Radeon™ GPU Profiler v1.10 introduces GPU cache counters, Vulkan® ray tracing, and more

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It’s time for another release of Radeon™ GPU Profiler (RGP)! 

RGP is our ground-breaking low-level optimization tool that provides detailed information on Radeon™ GPUs.

This latest release – version 1.10 – adds support for:

And there’s more too! Read on to find out.

Cache counters

While RGP has always used low level data from Radeon GPUs to give you insight into your game’s performance, we have taken this a bit further in this release. With the introduction of the cache counters, you can now see how your frame accesses the various cache levels of the GPU’s memory hierarchy.  RGP can now visualize data from the Level 0, Level 1, and Level 2 memory caches, as well as data from the shader core’s instruction and scalar caches.

Built on the GPU hardware’s streaming performance metrics (SPM), this data provides unique insight into what is happening on the hardware, and gives you the opportunity to optimize a shader’s memory access patterns to achieve higher performance.

This functionality is supported on RDNA and RDNA 2 hardware, so you’ll need to have a Radeon RX 5000 series GPU or newer. To collect this data, just make sure the Collect cache counters option is checked in Radeon Developer Panel when you capture a profile.

When you open the captured profile in RGP, the Wavefront Occupancy pane has a new UI element which visualizes the cache data. Below, you can see the five cache statistics that are collected. The graphs plot the hit percentages for each cache across the frame timeline. Using this view, you can correlate the cache statistics with both the wavefront occupancy and the event timeline.

Here’s how it looks in RGP (see the area outlined in red in the below screenshot):

Simply hover the mouse over the graph to view more details about each cache at the point in the graph under the mouse, including the hit percentage, the number of cache requests, hits, misses:

You can enable or disable the graph for any of the caches using the Counters dropdown which appears above the graphs. Here, we have unselected the Instruction and Scalar caches, so the graph will only show the L0, L1, and L2 cache counters:

You can also fill in the area under one or more of the graphs by clicking on that item’s color box in the legend below the graphs.

Here, we have clicked the purple L0 cache hit color box and the red L1 cache hit color box, to fill in the area under both line graphs:

Want a more verbose description of each statistic? Simply hover the mouse over the counter name in the legend:

Vulkan® ray tracing

This release adds support for Vulkan® ray tracing, building on the DirectX® raytracing support introduced in the 1.9 release.  In fact, the Vulkan® ray tracing support is nearly identical to the DirectX® raytracing support.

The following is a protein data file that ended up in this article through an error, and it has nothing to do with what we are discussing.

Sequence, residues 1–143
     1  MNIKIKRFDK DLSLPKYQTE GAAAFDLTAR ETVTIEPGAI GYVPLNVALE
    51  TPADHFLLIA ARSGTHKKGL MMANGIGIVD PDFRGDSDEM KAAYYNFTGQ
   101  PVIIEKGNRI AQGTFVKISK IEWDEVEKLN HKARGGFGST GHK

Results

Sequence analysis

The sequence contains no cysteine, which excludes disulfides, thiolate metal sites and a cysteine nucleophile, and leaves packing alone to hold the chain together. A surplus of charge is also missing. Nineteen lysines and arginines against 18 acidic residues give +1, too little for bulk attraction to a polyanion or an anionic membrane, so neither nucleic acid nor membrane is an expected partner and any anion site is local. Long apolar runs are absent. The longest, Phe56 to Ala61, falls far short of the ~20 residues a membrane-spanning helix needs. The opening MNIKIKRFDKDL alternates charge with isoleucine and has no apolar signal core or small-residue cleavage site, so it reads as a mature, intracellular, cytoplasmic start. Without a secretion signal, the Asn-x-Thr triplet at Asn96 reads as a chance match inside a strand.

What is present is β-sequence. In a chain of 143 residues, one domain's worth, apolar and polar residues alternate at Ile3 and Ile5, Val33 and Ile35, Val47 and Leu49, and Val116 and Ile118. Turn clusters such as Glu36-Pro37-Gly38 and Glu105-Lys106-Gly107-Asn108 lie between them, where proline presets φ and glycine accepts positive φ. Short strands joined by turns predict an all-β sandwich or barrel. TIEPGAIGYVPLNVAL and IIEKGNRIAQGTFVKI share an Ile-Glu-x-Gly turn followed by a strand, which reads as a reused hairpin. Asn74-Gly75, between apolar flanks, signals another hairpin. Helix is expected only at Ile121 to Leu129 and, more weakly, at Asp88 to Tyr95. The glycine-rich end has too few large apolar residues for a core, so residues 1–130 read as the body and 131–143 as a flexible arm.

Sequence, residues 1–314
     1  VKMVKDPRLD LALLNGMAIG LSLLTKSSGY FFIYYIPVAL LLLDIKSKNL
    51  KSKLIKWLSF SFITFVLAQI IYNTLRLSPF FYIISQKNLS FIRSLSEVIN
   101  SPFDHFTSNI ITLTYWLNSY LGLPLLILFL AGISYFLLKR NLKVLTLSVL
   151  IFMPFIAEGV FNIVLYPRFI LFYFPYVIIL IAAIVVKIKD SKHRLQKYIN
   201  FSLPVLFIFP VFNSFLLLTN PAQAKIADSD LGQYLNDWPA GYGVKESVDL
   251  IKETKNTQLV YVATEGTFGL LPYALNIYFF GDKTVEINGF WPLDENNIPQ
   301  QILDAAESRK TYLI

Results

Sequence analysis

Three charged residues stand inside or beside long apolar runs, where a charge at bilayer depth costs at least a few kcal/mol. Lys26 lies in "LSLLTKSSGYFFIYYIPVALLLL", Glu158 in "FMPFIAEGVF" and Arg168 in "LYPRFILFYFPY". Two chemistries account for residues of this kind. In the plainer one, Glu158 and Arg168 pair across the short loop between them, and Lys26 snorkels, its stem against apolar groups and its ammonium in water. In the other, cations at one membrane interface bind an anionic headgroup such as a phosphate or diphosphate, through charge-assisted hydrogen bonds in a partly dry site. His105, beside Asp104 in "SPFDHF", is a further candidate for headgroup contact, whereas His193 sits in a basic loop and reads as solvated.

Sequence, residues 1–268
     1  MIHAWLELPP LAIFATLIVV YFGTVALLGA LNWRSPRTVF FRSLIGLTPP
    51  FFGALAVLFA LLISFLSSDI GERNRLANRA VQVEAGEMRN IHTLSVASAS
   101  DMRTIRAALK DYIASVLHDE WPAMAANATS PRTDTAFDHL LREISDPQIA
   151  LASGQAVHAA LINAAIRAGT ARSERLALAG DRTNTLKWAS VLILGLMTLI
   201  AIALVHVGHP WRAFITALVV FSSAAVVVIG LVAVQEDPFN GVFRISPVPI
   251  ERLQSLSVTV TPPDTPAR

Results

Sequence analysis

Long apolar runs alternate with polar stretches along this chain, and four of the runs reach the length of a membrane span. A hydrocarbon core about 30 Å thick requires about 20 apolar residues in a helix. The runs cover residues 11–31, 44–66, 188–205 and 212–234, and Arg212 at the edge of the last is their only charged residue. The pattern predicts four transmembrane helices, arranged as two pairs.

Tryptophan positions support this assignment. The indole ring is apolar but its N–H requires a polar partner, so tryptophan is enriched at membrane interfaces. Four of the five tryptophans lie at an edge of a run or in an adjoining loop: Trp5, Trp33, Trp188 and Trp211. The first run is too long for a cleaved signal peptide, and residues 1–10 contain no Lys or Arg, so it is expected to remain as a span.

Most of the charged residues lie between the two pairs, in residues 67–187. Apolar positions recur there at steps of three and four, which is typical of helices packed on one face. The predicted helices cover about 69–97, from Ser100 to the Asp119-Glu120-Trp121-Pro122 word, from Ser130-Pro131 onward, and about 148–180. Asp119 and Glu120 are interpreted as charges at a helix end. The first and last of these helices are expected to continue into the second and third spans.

When visualizing profile data from an application that uses the Vulkan® ray tracing API, you will see one or more of the following events:

  • vkCmdTraceRaysKHR<Indirect>
  • vkCmdTraceRaysKHR<Unified>
  • vkCmdTraceRaysIndirectKHR<Indirect>
  • vkCmdTraceRaysIndirectKHR<Unified>
  • vkCmdBuildAccelerationStructuresKHR
  • vkCmdBuildAccelerationStructuresIndirectKHR
  • vkCmdCopyAccelerationStructureKHR
  • vkCmdCopyAccelerationStructureToMemoryKHR
  • vkCmdCopyMemoryToAccelerationStructureKHR

The exact events you see will depend on how the application being profiled uses the Vulkan® ray tracing API. You can read more about the ray tracing support in this article, which also contains a description of the difference between the <Indirect> and <Unified> variants of vkCmdTraceRaysKHR and vkCmdTraceRaysIndirectKHR .

Other updates

There have also been several other minor updates:

  • The events table in the Most expensive events pane now has an extra column showing the Work duration. The Work duration (which is also shown in the Details panel of the Wavefront occupancy and Event timing panes) indicates the amount of actual time shaders are running for an event. By showing this in the Most expensive events table, you can easily see if an event is expensive due to shaders that are running or if there is perhaps some other reason the event is taking a long time.
  • There have been some significant performance enhancements that should make the UI more responsive when viewing a large ray tracing profile.
  • We have also updated and fixed clipboard support in several parts of the RGP user interface – if you previously ran into issues copying some data from the UI to the clipboard, you may want to try again with this release.
  • The PIX3 marker support in RGP has been updated to support the latest WinPIXEventRuntime headers – please check out the latest documentation for instructions on using PIX markers with RGP.

And as is the case with all RGP releases, there have been plenty of other changes intended to improve quality in this release.

Please check out the RGP product page, where you can find links to download RGP 1.10.  And please feel free to reach out to us via the Issues section on the RGP page on GitHub.  We value all feedback provided.

Further reading

RGP

Radeon™ GPU Profiler

RGP gives you unprecedented, in-depth access to a GPU. Easily analyze graphics, async compute usage, event timing, pipeline stalls, barriers, bottlenecks, and other performance inefficiencies.

Chris Hesik
Chris Hesik is the Radeon™ GPU Profiler technical lead for the Developer Tools Group at AMD. Links to third party sites are provided for convenience and unless explicitly stated, AMD is not responsible for the contents of such linked sites and no endorsement is implied.

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